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Toxicological information

Carcinogenicity

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Description of key information

Two year studies in rats and mice performed by the U.S. National Toxicology Program on the commercial DecaBDE product at doses of 0, 2.5 and 5% of the diet.

Key value for chemical safety assessment

Carcinogenicity: via oral route

Endpoint conclusion
Dose descriptor:
LOAEL
6 625 mg/kg bw/day

Additional information

No evidence of a genotoxic effect was detected in the Ames Salmonella, chromosome aberration, mouse lymphoma, or sister-chromatid exchange tests (McGregor et al., 1988; NTP 1986; Wagner & Klug, 1998). No cytogenic changes were observed in the bone marrow of rats (parents and offspring) undergoing a one-generation reproduction test using FR-300 -BA (Norris et al. 1975). The absence of positive genotoxicity findings, along with the absence of tumors in the chronic study by Kociba et al. (1975), and only strain- and sex-specific tumors present in excessively dosed animals in the NTP (1986) study support the following: the commercial BDE-209/BDE-209 is not genotoxic; does not induce tumors via a mutagenic mechanism of action; and that a possible threshold exists for induction of tumors.

Using its evidence of carcinogenicity categories of “clear,” “some,” “equivocal,” and “no,” the NTP (1986) concluded there was some (rats, increased incidence of neoplastic nodules in low-dose males and high-dose animals of both sexes), equivocal (male mice, increased incidence of hepatocellular adenomas or carcinomas [combined] in the low-dose and increased incidence of thyroid follicular cell adenomas or carcinomas [combined] in both dose groups), and no (female mice) evidence of carcinogenicity. Based on the dose levels used, it is remarkable that the responses observed were consistent with rodent- or strain-specific tumors commonly seen in high-dose groups (EPA, 1998f; Goodman et al., 1994). In the NTP (1986) study, the authors considered the increased incidence of neoplastic nodules of the liver in male and female rats to be suggestive evidence of carcinogenicity; however, as noted previously, this terminology has been abandoned and there was no increase in hepatocellular carcinomas, as would be expected if the increased incidence of neoplastic nodules was truly representative of benign neoplasia (Huff et al., 1989). The US NTP does not include BDE-209 in its list of carcinogens (NTP, 2005). Further, BDE-209 is not listed as a carcinogen by the US Occupational Safety and Health Administration (OSHA), and the International Agency for Research on Cancer (IARC) determined it is “ . . . not classifiable as to its carcinogenicity to humans (Group 3)” based on “ . . . limited evidence” in experimental animals (IARC, 1990; OSHA, 2008). In conclusion, the chronic studies with BDE-209 suggest that low-dose exposures (e.g., ≤1.0 mg/kg-day) do not induce non-neoplastic or neoplastic changes in cells; and excessively high-dose exposures (e.g., 6650 mg/kg-day) may induce proliferative lesions in select tissues (e.g., thyroid follicular hyperplasia) that may progress to neoplasia via MOAs that are not relevant to humans. Therefore, doses of BDE-209 that do not produce nonneoplastic changes will be adequately protective against the development of neoplasia. See Hardy et al. (CRT 2009 39(S3):1-44) for full discussion.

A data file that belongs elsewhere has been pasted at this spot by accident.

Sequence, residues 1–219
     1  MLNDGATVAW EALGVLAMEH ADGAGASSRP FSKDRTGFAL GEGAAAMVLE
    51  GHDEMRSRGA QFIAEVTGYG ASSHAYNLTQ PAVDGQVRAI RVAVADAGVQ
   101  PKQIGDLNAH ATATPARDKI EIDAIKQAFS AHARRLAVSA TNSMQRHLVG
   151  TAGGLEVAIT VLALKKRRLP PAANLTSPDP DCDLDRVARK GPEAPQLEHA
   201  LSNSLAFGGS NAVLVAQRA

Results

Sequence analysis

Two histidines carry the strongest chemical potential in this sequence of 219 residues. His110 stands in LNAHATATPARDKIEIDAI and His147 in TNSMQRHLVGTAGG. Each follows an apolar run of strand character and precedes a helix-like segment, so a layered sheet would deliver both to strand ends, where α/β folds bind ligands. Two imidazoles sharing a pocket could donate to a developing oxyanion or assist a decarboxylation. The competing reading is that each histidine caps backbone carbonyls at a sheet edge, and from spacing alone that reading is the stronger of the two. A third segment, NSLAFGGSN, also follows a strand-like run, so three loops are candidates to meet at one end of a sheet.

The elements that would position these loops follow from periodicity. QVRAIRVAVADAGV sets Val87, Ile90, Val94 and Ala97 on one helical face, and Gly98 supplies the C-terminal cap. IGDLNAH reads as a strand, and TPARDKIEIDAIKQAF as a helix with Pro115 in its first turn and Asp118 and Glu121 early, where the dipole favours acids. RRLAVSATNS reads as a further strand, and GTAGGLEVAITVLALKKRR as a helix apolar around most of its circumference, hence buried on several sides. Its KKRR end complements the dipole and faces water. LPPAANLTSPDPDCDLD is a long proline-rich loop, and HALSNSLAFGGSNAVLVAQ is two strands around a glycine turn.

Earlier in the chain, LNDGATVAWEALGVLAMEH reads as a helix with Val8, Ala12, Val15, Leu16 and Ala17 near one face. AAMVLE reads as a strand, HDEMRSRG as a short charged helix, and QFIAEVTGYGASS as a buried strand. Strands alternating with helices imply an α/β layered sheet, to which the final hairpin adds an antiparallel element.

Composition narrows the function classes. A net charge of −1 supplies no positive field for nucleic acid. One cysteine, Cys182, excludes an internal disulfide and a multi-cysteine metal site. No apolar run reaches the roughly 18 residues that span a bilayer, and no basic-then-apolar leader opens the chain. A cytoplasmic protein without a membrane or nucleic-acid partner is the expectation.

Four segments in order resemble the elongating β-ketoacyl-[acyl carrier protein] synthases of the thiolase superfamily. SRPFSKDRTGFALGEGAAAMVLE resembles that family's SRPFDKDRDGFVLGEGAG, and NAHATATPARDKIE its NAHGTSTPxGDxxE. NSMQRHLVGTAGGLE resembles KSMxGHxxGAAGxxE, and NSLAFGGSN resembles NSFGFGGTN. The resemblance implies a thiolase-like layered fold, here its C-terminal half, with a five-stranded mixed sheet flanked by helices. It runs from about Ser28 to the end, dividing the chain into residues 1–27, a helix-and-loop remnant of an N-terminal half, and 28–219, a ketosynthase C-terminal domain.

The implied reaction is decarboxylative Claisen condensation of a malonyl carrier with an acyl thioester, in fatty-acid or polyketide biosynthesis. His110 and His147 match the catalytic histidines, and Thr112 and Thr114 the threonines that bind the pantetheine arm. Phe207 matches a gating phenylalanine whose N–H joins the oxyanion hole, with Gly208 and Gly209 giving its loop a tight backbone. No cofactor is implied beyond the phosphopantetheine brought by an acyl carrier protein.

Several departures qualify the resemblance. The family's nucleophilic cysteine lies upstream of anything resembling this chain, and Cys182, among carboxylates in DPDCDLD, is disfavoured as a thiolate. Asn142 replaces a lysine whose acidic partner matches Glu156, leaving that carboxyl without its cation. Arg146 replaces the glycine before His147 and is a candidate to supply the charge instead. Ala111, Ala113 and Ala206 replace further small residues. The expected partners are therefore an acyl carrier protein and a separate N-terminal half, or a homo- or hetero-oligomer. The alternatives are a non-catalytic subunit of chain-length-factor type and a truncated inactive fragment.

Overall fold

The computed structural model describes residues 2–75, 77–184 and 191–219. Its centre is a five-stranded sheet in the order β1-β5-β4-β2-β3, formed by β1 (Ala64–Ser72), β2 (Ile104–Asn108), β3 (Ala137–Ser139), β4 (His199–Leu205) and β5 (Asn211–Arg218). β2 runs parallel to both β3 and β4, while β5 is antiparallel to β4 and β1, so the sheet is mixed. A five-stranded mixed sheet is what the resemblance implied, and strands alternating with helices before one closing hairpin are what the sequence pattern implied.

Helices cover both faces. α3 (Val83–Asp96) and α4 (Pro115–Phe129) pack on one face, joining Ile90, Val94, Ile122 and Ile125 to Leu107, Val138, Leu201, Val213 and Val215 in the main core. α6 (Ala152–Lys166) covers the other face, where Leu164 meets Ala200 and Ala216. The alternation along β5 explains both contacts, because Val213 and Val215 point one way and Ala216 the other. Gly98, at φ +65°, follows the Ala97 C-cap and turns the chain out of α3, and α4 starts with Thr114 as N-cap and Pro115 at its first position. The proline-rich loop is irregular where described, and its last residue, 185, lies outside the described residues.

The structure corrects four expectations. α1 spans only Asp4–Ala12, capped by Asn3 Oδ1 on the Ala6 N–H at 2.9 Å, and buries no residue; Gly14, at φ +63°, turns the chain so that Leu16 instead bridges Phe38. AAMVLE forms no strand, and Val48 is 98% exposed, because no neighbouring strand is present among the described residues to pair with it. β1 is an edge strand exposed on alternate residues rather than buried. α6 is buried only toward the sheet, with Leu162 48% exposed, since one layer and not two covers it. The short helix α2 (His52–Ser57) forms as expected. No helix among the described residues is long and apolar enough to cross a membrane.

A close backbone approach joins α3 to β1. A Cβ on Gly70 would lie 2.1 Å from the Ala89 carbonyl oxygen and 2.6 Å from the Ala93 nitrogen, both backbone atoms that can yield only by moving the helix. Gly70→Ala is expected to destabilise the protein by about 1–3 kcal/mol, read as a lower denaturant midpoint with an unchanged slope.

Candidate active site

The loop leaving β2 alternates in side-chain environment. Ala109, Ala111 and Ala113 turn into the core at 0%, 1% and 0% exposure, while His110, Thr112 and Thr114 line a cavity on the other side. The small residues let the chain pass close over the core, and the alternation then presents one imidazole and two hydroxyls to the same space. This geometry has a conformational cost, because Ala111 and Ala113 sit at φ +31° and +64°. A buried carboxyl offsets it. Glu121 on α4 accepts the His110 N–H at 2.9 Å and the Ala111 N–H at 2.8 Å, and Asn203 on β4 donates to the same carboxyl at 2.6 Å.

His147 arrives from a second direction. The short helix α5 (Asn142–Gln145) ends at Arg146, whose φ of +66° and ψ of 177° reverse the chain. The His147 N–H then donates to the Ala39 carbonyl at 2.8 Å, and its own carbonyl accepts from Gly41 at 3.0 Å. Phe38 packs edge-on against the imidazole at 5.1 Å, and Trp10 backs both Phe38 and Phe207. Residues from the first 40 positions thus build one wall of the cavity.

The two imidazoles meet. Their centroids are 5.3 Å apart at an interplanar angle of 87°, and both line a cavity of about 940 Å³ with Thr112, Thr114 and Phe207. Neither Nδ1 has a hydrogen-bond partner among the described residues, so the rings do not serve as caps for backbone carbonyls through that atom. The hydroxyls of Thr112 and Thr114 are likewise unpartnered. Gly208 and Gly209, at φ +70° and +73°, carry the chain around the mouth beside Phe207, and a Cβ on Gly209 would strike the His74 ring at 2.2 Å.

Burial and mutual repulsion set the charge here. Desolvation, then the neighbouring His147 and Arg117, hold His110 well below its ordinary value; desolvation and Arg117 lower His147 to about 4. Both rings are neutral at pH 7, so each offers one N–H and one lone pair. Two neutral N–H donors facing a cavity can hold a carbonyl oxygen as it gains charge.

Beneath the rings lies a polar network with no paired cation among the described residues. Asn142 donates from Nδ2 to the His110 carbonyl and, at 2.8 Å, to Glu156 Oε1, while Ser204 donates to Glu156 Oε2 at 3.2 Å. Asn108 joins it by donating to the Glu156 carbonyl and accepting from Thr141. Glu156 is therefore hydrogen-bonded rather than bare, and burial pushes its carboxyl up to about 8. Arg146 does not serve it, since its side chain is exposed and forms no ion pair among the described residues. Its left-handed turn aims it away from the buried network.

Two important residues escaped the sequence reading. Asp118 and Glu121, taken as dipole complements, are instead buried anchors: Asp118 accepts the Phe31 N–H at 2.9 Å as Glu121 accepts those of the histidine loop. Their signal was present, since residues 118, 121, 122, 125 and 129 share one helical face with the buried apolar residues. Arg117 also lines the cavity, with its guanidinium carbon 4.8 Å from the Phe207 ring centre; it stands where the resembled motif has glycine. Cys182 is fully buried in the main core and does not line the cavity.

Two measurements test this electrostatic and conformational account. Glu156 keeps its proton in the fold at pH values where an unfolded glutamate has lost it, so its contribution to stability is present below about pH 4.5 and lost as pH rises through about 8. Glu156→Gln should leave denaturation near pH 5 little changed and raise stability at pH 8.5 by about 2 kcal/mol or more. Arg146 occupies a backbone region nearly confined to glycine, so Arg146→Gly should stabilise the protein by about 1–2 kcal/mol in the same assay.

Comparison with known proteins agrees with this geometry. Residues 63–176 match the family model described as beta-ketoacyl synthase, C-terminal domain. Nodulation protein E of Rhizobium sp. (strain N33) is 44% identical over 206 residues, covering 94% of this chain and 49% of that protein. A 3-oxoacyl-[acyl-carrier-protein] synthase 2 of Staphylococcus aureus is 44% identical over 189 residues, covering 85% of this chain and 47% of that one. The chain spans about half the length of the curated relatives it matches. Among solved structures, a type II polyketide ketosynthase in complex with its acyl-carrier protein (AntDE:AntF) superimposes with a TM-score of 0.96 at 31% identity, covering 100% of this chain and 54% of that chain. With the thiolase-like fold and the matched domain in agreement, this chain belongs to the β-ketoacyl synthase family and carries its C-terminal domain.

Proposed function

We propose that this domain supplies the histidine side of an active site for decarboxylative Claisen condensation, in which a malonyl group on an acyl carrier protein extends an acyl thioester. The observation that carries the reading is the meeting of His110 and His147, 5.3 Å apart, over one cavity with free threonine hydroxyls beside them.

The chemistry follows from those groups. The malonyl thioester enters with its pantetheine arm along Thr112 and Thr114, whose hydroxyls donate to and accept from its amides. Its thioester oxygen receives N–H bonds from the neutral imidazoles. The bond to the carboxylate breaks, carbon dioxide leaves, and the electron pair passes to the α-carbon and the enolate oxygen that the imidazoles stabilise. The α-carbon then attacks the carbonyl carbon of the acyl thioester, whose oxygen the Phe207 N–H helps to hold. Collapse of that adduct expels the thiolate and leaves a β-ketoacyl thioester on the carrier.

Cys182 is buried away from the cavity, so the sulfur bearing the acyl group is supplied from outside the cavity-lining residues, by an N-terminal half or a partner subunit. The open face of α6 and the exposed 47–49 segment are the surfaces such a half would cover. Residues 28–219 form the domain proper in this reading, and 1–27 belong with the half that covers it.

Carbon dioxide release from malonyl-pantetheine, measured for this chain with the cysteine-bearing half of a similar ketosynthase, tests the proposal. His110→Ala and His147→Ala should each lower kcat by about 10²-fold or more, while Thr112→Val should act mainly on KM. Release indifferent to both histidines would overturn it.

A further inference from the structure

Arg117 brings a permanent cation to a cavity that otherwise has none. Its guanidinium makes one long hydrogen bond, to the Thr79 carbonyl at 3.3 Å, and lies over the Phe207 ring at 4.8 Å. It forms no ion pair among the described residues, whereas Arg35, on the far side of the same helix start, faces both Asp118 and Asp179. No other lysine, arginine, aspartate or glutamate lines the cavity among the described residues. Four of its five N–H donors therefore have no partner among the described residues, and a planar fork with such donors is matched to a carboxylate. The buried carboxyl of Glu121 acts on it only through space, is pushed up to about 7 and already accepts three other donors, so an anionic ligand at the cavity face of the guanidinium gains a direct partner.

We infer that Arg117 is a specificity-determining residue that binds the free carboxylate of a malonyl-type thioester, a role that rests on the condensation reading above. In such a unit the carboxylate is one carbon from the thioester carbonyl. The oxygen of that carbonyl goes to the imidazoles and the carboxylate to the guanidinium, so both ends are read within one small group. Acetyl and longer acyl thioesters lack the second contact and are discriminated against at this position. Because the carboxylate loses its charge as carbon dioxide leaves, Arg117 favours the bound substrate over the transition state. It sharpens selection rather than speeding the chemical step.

Carcinogenicity: via oral route (target organ): glandular: thyroids

Justification for classification or non-classification

Classification of DecaBDE as a carcinogen is not justified. The chronic studies with BDE-209 suggest that low-dose exposures (e.g., ≤1.0 mg/kg-day) do not induce non-neoplastic or neoplastic changes in cells; and excessively high-dose exposures (e.g., 6650 mg/kg-day) may induce proliferative lesions in select tissues (e.g., thyroid follicular hyperplasia) that may progress to neoplasia via MOAs that are not relevant to humans. Therefore, doses of BDE-209 that do not produce nonneoplastic changes will be adequately protective against the development of neoplasia. See EURA 20402 EN and Hardy et al. (CRT 2009 39(S3):1 -44) for full discussion.